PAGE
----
RTM Light is a closed mould method of production where a dry glass or other reinforcement matrix is placed in a mould and consolidated with polyester or other resin without spraying, handling of wet resin or manual consolidation.
In brief the glass fibre reinforcement (including a flow media) is placed into the mould and shaped to fit. A structured inner liner is then placed into the mould to locate the reinforcement and any inclusions such as fixing plates etc. The cavity created by the glass is evacuated by vacuum and then the resin is infused and drawn into the reinforcement matrix by the vacuum through injection ports. Mould flow of resin is controlled so that wet-out of the reinforcement is 100% with no voiding or air entrapment in the laminate. In the process a very precise resin to glass ratio is achieved yielding optimum mechanical properties, predictable and uniform laminate thickness and excellent surface finish to the inner faces.
Similar to flexible bag moulding but employing a hard inner liner which is usually made of translucent polyester or vinyl-ester resin. Additional advantages include ability to produce 2 high gloss faces, interior surface is of superior finish and if required, can be gel-coated. The process produces products of uniform, predictable physical properties, qualities and very precise laminate thickness.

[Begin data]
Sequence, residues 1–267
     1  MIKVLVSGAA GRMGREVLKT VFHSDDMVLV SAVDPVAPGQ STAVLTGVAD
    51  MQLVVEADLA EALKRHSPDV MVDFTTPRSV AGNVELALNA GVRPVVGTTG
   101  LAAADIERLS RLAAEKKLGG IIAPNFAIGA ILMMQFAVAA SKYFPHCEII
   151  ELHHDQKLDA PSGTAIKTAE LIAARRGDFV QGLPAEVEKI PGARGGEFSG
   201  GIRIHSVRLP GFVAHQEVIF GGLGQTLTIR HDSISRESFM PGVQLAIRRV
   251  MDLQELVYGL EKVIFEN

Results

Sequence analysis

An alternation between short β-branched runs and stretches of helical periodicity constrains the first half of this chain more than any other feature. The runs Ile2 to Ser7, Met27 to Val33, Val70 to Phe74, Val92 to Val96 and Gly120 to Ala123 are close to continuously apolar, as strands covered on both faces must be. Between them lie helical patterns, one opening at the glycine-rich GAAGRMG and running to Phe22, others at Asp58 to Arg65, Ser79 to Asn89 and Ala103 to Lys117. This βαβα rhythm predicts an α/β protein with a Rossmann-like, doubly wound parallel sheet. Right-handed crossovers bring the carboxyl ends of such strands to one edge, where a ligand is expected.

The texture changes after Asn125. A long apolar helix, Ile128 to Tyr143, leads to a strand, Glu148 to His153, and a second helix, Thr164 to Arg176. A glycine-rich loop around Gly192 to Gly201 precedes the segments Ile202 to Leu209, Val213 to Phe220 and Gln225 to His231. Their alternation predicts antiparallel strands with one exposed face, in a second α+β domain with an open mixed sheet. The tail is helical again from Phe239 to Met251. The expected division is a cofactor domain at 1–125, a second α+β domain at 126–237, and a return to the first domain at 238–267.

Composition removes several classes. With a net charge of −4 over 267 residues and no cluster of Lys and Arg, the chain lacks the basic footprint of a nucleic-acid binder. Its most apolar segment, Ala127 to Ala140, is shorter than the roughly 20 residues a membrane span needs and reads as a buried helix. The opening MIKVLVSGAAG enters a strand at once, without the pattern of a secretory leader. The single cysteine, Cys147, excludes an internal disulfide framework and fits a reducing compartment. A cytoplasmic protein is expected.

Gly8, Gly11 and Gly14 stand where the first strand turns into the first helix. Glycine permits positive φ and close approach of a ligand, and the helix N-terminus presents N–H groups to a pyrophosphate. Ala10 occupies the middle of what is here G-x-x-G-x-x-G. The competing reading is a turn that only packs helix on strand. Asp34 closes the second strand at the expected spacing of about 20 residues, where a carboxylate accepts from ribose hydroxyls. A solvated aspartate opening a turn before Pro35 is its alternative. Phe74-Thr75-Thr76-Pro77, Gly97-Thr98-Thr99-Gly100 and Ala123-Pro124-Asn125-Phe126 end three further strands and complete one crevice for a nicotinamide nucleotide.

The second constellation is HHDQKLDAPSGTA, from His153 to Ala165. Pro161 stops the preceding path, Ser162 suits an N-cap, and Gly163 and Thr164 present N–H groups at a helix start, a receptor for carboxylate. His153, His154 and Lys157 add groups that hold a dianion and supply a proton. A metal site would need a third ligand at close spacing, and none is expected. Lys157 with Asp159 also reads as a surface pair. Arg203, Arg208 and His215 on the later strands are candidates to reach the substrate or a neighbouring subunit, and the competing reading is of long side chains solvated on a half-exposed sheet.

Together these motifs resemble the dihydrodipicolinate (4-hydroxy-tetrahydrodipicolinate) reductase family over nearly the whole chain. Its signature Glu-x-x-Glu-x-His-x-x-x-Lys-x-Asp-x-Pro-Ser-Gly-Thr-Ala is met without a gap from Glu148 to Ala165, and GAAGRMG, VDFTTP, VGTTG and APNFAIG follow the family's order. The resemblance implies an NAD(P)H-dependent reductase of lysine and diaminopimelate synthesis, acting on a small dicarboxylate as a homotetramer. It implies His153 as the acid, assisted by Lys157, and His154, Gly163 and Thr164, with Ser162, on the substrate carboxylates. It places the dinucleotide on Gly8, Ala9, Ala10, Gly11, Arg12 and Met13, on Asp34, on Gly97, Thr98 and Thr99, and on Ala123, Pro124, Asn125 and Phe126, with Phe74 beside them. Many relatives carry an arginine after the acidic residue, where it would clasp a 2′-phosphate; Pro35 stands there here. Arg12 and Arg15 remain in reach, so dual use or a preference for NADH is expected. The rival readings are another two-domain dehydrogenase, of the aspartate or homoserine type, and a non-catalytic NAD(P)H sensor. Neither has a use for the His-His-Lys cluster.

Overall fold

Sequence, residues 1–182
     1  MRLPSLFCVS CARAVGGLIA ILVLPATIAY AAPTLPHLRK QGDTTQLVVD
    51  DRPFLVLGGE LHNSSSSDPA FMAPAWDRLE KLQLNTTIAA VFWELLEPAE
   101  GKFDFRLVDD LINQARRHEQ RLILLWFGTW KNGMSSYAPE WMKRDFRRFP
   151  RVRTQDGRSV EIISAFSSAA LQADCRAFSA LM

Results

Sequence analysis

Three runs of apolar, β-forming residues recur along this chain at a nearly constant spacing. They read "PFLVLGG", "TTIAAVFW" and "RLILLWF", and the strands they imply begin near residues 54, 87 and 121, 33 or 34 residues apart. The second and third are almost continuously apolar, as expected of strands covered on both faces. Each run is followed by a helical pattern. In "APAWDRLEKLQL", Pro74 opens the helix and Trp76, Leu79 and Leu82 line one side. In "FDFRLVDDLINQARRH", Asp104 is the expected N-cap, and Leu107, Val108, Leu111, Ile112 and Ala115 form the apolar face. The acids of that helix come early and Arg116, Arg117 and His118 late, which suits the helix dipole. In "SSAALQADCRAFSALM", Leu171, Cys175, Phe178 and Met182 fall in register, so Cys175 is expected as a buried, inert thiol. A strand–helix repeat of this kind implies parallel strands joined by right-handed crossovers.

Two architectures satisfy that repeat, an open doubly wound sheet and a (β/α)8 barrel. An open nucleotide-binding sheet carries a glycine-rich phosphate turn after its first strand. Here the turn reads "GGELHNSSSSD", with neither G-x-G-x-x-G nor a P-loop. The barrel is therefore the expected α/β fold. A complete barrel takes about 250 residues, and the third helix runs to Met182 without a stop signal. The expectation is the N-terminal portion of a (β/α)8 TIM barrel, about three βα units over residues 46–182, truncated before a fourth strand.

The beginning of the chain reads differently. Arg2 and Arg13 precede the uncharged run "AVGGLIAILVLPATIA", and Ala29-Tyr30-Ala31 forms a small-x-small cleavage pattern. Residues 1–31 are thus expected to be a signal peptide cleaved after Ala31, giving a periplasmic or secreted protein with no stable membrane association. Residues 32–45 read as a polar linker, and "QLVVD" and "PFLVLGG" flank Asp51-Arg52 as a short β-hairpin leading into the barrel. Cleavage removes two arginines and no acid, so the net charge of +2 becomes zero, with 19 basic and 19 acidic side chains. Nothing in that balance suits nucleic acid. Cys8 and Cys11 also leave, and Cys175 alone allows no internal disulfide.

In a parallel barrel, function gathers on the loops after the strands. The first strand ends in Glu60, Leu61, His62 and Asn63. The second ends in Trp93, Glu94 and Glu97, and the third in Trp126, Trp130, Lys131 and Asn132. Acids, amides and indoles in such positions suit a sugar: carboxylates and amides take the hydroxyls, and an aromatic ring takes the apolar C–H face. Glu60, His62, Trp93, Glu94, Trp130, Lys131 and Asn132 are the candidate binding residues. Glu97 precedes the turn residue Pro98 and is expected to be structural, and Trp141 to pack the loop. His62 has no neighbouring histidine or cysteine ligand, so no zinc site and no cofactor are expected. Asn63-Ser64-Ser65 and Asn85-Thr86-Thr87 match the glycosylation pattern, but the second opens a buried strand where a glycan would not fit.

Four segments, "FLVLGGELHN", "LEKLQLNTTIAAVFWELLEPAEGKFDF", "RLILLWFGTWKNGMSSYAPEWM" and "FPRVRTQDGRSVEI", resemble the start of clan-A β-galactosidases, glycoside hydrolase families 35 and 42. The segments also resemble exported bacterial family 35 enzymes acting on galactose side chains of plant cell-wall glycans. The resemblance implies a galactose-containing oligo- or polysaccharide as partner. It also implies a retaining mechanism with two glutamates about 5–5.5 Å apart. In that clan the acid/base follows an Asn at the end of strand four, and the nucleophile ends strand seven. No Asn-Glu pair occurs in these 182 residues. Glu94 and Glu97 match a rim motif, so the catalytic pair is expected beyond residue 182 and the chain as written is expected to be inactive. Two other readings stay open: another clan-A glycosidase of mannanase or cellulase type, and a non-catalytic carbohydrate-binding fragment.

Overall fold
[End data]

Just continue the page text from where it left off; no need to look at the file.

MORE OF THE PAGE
As stated above the laminate resulting from infusion tightly controls the resin:glass ratio providing parts of optimum strength and strength or inserts in specific areas. From an engineering perspective the resin matrix is primarily used to hold the glass reinforcement in place. While the resin is relatively flexible the glass is rigid with high tensile properties. The more accurate the use of resin and the better located and tightly packed the glass matrix, the more mechanically efficient the reinforcement.
Depending on the complexity of the part more than one item per mould per shift can be obtained. Excellent quality finishes can be achieved to both the exterior visible surface and the interior face therefore two sided parts are possible by applying the gelcoat to the inner liner in RTM.
Inclusion of other components such as timber etc can be done during the single cycle. Often the addition of sections to the back of the laminate can result in telegraphing of the piece due to shrinkage movement during non uniform cure. As all components are infused simultaneously the cure is uniform and this problem can be avoided. This is particularly relevant for automotive quality parts.
For the client, the primary benefits are part uniformity and increased speed of production. Known engineering detail can be specified and achieved in production in most cases saving weight and increasing predictable properties.
There are additional benefits in knowing that the part is made using an environmentally friendly production technology.
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